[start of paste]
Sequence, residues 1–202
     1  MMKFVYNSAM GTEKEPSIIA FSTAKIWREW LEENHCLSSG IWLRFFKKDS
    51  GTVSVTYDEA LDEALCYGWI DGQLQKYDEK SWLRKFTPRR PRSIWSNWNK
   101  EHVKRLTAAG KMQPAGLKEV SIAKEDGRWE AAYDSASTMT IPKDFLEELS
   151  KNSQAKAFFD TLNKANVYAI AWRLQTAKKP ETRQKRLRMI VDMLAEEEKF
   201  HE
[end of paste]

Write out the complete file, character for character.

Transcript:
Sequence, residues 1–202
     1  MMKFVYNSAM GTEKEPSIIA FSTAKIWREW LEENHCLSSG IWLRFFKKDS
    51  GTVSVTYDEA LDEALCYGWI DGQLQKYDEK SWLRKFTPRR PRSIWSNWNK
   101  EHVKRLTAAG KMQPAGLKEV SIAKEDGRWE AAYDSASTMT IPKDFLEELS
   151  KNSQAKAFFD TLNKANVYAI AWRLQTAKKP ETRQKRLRMI VDMLAEEEKF
   201  HE